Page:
The Importance of Market Intelligence
WOULD YOU WALK INTO the first car dealership you saw, with cash in hand, and buy a car without doing any research whatsoever? Of course not. When people purchase new cars, they typically start with determining their wants and needs. Next, they browse manufacturer and third-party websites to create a long list of potential suppliers of vehicles that suit their needs. Smart buyers then work their options down to a short list by doing further research, reviewing reliability studies, checking resale value, and even trying to time their purchases so that they coincide with manufacturer or dealer promotions. For quality information, shoppers browse auto websites; read magazines such as Consumer Reports, Motor Trend, and Car and Driver; research the results of award companies such as JD Powers; and review the National Highway Traffic Safety Administration crash reports.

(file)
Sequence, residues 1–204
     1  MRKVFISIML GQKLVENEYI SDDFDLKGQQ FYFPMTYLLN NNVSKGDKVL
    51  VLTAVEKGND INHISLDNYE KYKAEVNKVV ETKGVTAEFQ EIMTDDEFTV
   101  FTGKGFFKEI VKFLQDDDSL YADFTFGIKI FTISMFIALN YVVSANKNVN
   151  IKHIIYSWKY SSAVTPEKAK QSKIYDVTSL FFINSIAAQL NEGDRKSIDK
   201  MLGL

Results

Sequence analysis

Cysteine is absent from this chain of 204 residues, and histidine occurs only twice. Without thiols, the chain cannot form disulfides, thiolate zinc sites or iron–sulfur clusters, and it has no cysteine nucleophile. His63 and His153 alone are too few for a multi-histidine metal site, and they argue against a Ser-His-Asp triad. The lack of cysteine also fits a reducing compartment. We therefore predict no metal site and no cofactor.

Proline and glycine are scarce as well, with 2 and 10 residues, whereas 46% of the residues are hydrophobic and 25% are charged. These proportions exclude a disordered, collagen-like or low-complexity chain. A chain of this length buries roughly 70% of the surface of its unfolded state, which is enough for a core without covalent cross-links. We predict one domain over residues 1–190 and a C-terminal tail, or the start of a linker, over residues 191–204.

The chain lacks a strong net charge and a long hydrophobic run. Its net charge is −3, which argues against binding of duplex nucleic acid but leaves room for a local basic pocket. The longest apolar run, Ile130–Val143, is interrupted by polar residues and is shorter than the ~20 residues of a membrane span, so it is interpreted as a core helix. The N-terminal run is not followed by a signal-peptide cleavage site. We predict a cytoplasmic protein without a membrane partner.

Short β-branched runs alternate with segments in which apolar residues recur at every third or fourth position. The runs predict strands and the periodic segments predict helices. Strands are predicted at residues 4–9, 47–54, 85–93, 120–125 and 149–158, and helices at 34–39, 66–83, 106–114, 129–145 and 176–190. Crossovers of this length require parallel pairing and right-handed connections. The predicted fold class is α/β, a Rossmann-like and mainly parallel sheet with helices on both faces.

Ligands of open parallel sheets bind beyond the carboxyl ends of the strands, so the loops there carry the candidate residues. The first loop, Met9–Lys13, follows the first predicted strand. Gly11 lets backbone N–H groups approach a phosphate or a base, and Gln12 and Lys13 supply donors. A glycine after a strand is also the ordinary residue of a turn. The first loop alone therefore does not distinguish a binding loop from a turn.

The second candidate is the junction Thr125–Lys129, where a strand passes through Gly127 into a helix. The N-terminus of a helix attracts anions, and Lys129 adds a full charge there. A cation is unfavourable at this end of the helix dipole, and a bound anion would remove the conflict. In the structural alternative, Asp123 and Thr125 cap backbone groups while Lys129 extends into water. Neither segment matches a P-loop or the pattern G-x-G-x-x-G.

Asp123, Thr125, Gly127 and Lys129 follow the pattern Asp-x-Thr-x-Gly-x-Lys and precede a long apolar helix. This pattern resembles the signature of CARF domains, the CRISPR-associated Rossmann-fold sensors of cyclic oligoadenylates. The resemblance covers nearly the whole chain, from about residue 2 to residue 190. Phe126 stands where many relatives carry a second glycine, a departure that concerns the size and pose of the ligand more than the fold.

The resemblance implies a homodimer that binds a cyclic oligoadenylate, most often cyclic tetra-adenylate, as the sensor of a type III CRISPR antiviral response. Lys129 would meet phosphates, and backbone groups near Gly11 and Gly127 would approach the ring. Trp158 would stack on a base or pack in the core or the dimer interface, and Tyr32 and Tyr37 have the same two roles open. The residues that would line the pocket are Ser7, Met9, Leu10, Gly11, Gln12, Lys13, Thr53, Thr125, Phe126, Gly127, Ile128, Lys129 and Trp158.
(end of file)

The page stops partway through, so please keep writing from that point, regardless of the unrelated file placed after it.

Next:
Car buyers also realize that answers to other questions have a bearing on their decisions, such as:
- What is the resale value of my trade-in? Is it worth my time to sell it privately, or do I take a small loss and save a headache by simply selling it to the dealer?
- What financing options are available to me? What is the manufacturer offering? What is the dealer offering, and through which banks? Could I get a better deal through a credit union? Could I use a home equity loan, or should I use cash?
- Should I lease or buy?
- Should I consider a relatively recent used car, ...